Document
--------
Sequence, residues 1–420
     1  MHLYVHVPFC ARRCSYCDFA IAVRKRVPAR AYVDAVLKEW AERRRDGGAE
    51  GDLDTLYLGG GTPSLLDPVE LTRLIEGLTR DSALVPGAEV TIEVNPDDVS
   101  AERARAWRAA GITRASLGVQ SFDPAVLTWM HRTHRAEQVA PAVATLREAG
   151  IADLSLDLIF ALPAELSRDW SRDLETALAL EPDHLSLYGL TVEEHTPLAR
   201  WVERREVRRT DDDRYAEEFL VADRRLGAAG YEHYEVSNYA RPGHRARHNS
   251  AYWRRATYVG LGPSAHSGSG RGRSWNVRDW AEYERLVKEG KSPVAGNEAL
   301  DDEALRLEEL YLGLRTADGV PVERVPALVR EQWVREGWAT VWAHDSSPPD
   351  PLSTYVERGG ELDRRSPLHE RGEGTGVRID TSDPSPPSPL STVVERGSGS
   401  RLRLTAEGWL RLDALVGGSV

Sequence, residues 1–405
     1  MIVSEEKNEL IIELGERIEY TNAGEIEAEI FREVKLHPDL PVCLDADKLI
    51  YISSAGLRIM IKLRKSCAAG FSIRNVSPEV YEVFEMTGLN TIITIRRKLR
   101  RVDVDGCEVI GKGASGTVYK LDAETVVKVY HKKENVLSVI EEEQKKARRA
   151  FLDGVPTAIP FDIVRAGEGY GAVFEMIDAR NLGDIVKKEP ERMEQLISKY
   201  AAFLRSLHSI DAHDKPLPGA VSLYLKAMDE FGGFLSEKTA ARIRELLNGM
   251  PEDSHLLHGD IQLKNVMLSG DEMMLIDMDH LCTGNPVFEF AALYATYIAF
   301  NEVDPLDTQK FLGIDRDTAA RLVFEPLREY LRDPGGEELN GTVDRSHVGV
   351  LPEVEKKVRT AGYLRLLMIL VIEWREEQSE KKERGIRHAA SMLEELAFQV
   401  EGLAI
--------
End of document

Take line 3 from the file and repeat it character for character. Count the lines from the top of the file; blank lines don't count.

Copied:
    51  GDLDTLYLGG GTPSLLDPVE LTRLIEGLTR DSALVPGAEV TIEVNPDDVS